While the Cubs passed over Girardi for Piniella the last time, it wouldn't be shocking to see them make a run at him. In any case, the Yankees are expected to offer him a substantial raise from his $2.5 million salary, perhaps as much as $4.5 million. Joe Torre once made close to $7 million with the Yankees, but the word is they won't go that high this time. If the Cubs are willing to pay a lot more than $4 million, they might have a chance. But everything else being equal, it's hard imagining Girardi leaving the Yankees.

And that might be good news for Quade.

Catcher Jorge Posada is the only one of the Core Four Yankees with a contract for next year. But he doesn't expect to be the last Yankee standing.

"It'll get resolved,'' Posada said of the upcoming negotiations for his good friends and longtime teammates Derek Jeter and Mariano Rivera. "Hopefully, everything will get resolved.''

"Of course, we'd like to have them back,'' GM Brian Cashman said about Jeter and Rivera before changing the subject.

As for Andy Pettitte, word around the team -- as usual -- is that it's 50-50 whether he retires or returns for another year.

Posada said, "I hope so. He had a pretty good year. He's still, for me, one of the best big-game pitchers.''

Victor Martinez will leave the Red Sox after this year, his good friend CC Sabathia, the Yankees pitcher, predicted.

Boston has offered Martinez a two-year deal that would constitute a raise from the $7.5 million he made this year (one executive estimated the offer at about $22 million over two years, but that is unconfirmed). Sabathia said, however, that he believes Martinez wants a four-year deal as a free agent and is bound to leave Boston.

The Red Sox are one of the teams that believe Martinez remains viable as a catcher. He has shown improvement under catching tutor Gary Tuck, so there probably will be at least a couple more teams in the mix. "What he gets will depend on how many teams believe he can catch,'' one AL executive said. "He seems to be on a salary drive lately, the way he's hitting.''

Among other potential Boston free agents, David Ortiz, is viewed -- at least by competitors -- as likely to wind up back in Boston. "I don't think he hits the market,'' said an executive for another team.

The Red Sox hold a 2011 option for $12.5 million on Ortiz, who recently was quoted as saying he'd prefer a multiyear deal. Executives say the the Sox might offer a two-year contract, but for less the $12.5 million per year. If Ortiz doesn't go for that, competing execs believe Boston will just pick up his option, which shows the incredible comeback Ortiz made from his horrific season-opening slump.

Manager Terry Francona stuck with Ortiz when he batted .143 with one home run and four RBIs in April. "Our best option was Ortiz swinging the bat well,' said Francona in explaining why he didn't abandon Big Papi. Boston's a tough town, but Francona was surprised at how early calls came to for Ortiz to be benched. "People were calling for it after three at-bats. It was ridiculous,'' Francona said.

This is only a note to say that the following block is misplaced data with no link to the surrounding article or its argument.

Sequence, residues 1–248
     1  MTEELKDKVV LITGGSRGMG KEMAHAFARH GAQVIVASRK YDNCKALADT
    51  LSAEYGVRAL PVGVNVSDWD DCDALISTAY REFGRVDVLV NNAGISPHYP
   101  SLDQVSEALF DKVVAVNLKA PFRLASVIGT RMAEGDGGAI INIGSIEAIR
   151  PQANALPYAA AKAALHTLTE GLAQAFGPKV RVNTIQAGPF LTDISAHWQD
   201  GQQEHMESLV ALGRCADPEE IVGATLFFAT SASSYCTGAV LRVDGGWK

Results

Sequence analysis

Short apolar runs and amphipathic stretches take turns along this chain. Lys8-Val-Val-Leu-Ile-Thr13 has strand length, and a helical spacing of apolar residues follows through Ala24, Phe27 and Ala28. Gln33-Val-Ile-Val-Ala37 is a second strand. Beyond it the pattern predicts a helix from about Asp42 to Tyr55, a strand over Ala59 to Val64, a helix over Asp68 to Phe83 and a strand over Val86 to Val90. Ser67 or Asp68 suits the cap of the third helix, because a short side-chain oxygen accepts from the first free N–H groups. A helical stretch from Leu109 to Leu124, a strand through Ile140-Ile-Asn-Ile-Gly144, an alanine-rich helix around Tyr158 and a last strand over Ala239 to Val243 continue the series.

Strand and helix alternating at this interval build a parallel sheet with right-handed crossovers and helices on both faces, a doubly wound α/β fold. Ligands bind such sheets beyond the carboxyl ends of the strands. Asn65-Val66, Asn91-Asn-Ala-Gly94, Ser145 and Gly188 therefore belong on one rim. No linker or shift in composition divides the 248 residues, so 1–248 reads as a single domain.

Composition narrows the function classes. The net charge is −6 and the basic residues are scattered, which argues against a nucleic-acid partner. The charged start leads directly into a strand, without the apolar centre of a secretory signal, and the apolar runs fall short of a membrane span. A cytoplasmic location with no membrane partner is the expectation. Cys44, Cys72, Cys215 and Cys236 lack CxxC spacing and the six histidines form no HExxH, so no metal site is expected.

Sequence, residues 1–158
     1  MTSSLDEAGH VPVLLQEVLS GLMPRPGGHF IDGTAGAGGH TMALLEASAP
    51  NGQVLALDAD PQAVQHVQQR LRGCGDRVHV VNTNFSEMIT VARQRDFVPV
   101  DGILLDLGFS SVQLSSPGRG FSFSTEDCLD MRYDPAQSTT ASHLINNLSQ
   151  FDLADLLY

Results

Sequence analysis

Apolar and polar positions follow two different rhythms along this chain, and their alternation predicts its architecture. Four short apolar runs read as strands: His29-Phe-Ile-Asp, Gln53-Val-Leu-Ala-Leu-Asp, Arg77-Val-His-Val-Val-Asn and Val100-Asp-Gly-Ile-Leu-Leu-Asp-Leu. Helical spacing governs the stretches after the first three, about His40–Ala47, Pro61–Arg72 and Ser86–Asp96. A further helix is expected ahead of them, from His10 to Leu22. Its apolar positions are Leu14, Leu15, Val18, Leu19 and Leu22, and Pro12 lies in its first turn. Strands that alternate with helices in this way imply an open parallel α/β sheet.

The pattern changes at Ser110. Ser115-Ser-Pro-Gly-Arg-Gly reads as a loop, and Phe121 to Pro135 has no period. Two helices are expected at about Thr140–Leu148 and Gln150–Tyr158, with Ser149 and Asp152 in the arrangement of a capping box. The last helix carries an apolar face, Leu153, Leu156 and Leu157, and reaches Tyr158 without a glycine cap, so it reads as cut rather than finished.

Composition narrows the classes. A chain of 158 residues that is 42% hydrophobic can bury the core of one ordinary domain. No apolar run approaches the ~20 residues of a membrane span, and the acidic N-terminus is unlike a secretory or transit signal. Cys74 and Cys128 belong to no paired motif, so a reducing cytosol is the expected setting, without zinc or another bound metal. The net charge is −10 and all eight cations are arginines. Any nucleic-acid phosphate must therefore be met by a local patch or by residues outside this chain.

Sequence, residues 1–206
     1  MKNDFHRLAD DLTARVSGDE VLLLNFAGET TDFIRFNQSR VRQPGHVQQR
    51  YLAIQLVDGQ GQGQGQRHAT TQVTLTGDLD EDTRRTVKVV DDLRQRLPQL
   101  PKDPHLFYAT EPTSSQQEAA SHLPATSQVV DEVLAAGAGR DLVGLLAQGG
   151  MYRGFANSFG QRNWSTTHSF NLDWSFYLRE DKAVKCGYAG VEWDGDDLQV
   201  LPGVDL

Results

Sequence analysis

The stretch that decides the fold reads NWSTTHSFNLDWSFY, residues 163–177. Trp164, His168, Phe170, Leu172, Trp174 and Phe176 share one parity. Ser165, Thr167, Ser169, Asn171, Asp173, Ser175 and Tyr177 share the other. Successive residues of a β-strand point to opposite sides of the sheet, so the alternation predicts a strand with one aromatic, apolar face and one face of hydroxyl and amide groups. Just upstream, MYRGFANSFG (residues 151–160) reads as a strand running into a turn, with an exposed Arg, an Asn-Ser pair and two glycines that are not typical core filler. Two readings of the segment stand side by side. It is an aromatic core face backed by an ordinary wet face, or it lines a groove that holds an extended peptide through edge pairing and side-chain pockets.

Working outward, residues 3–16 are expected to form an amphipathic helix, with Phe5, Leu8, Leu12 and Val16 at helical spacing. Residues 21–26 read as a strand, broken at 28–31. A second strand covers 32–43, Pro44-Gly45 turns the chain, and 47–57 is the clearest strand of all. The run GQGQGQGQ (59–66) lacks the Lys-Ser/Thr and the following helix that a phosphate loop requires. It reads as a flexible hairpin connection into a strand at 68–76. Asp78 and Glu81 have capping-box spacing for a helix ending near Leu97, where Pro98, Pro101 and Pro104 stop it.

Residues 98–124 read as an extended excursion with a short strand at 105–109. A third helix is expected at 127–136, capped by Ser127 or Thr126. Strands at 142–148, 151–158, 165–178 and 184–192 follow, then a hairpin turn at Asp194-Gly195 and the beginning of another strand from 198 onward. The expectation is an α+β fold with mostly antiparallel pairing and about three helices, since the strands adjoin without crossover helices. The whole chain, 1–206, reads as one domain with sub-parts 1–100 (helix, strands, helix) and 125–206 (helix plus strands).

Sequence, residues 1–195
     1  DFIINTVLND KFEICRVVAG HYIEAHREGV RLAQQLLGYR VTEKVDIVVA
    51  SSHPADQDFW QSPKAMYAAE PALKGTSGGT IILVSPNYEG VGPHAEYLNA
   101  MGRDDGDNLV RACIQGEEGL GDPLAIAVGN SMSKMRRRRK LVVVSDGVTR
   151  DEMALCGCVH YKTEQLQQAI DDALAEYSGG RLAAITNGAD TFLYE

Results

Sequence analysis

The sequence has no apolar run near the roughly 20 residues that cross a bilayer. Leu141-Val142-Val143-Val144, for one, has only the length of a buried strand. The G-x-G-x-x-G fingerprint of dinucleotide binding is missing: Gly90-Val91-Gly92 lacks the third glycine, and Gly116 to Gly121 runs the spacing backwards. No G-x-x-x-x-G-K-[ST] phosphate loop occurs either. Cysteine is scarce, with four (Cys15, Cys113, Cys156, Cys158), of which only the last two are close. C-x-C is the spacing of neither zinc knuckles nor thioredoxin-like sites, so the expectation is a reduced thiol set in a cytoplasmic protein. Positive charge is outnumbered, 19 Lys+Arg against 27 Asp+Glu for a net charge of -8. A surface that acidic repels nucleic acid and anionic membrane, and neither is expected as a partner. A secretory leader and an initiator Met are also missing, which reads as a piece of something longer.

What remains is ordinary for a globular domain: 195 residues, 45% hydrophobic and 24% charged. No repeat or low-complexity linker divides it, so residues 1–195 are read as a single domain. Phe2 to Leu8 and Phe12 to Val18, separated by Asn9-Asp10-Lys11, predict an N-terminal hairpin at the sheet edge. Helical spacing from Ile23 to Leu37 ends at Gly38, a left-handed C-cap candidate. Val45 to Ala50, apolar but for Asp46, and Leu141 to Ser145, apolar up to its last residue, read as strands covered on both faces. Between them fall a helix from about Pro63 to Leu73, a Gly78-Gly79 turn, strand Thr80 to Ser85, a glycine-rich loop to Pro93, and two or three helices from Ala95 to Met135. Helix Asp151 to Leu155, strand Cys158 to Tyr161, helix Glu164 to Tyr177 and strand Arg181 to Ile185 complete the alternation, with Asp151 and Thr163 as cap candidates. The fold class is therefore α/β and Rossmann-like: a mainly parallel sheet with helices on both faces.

The Red Sox would like Adrian Beltre back, but don't expect a quick signing. They see Beltre, who is represented by Scott Boras, seeking to match the $64 million, five-year contract he got in Seattle, and a lengthy negotiation in any event. The Angels and Tigers (who have free agent Brandon Inge at third base) are among other teams that could try for Beltre.

Another option for Boston that's been bandied about would be to move the versatile Kevin Youkilis from first base to third. Youkilis looks like he's put on a few pounds while on the disabled list, but Francona said there are no worries about that. Said Francona, "He's a diligent worker.''

It was interesting to see the Diamondbacks hire Kevin Towers, the former general manager of the Padres, as their new GM, simply because the situation involves a lot of folks with ties to both of those NL West teams.

Towers was fired in San Diego by Jeff Moorad, the managing partner who went from Arizona to San Diego and happens to have been Diamonbacks president Derrick Hall's old boss in Arizona. Hall obviously had a different opinion of Towers, as it was Hall and Moorad's old Arizona partner, Ken Kendrick, who hired Towers in Arizona. Towers may already be eyeing some high-ranking front office folks now working for San Diego, possibly including Fred Uhlman Jr. and Randy Smith.

Also sitting in on the GM interviews in Arizona was former Diamondbacks star Luis Gonzalez, who was once a client of Moorad. (Moorad started as an agent, which is how he first became acquainted with Towers the GM.) Gonzalez is said to be a fan of Towers, though ultimately it was Hall and Kendrick who made the final call.